The Office Horndoggery Of A Longtime ESPN VP

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This was a minor blip for most of us not fully entrenched in the sports media universe, but the departure of ESPN's Senior VP of Programming and Acquisitions, Len DeLuca, to "pursue other opportunities" last fall was a little surprising.

Less surprising is that DeLuca, like many of his ESPN colleagues, was caught up in a spot of horndoggery of his own. This was not mentioned in Sports Business Journal's report:

Longtime ESPN programming exec LEN DELUCA has left the company after 14 years. His last day was Tuesday. ESPN's Senior VP/Programming & Acquisitions, DeLuca said he decided to leave ESPN to pursue entrepreneurial opportunities. "I couldn't pursue these opportunities and do my job at ESPN," DeLuca said. "It was the right time for me to make the jump and go." DeLuca said he had been thinking about leaving ESPN since the summer and had several conversations with his boss, Exec VP/Programming & Acquisitions JOHN WILDHACK about it since then. "I'm thirsty for new challenges," DeLuca said. DeLuca oversaw tennis on ESPN and ABC. He said it is the right time to leave ESPN, coming off a 10-year extension he signed to carry the Australian Open, plus a U.S. Open that saw ESPN2 carry the rain-delayed men's finals. DeLuca had been with ESPN since '96. He previously worked with CBS Sports from '80-96.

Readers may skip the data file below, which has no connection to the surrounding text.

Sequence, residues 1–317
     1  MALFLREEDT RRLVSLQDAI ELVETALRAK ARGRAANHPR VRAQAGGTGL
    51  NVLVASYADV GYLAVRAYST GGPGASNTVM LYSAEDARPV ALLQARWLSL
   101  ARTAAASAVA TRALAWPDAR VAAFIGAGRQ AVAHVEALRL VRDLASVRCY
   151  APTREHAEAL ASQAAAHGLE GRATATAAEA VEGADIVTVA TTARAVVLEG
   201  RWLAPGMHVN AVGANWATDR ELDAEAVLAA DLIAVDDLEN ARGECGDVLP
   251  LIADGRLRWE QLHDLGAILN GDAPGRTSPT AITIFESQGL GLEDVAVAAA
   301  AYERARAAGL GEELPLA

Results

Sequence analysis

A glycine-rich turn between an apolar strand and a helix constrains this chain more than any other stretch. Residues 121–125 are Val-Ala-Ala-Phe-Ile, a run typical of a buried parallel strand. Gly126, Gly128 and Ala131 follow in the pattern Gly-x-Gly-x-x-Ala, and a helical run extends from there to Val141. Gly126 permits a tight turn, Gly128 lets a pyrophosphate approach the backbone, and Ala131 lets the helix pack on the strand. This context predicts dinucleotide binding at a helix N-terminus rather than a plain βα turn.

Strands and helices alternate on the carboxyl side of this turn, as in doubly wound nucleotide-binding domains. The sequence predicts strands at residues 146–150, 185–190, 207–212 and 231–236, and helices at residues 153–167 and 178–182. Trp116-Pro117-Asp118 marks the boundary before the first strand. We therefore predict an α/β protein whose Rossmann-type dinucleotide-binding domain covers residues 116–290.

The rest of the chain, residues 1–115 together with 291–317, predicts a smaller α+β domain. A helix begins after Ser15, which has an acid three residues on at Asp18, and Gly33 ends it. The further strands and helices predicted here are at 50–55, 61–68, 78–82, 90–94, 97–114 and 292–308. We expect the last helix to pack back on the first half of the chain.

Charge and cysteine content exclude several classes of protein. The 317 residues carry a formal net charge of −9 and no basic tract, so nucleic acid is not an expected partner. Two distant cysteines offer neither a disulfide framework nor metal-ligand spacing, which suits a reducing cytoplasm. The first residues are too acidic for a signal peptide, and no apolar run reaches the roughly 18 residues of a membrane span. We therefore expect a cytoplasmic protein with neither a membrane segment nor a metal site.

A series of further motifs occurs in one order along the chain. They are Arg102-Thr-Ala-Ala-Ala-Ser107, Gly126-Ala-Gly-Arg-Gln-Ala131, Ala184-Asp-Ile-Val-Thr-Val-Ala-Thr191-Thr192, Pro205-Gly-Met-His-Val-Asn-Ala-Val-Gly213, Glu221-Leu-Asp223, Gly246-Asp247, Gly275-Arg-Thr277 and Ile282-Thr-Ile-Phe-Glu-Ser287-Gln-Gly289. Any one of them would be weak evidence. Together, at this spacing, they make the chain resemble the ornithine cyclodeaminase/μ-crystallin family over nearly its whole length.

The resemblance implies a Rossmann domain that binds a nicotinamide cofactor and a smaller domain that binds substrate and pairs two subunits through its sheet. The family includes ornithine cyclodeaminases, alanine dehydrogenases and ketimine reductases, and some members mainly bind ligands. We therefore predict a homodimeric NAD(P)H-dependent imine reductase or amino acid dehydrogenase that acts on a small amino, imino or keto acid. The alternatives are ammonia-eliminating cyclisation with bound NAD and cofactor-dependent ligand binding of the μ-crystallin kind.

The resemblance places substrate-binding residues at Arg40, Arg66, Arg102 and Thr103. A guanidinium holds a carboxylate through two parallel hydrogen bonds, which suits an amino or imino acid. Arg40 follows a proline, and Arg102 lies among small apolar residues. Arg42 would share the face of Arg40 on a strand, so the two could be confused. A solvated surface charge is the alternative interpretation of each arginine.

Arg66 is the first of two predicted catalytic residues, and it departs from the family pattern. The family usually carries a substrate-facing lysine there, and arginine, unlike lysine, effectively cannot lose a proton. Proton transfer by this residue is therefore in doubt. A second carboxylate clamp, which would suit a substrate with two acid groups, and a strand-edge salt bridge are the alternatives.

Yes, he is thirsty for new challenges, old Len is. But it wasn't entirely his decision to take on those new challenges. No, you see, according to sources, Len was having an indiscreet affair for quite some time, supposedly with someone within the Disney family. That might've been fine had Len not been caught by a nighttime security guard boning this person in a locked office. And, of course, this got back to the Bristol Fuck Police, and they took swift action.

So Len wrote his farewell letter and sought to lap from someone else's bowl. Mr. DeLuca did not return an email or a phone call asking for comment, and ESPN also issued a breezy "no comment" on this matter. ESPN also seemed puzzled as to why we took so long to get this out there. Things happened.


If anything, it shows that ESPN is doing its best to live up to George Bodenheimer's please-stop-being-so-handsy-at-work memo and is ridding itself of people who might be a little too brazen in defying company policy. You know, like our old friend Erik Kuselias, whose contract was not renewed and who moved on to the Golf Channel. Not many people in Bristol were sad to see him leave.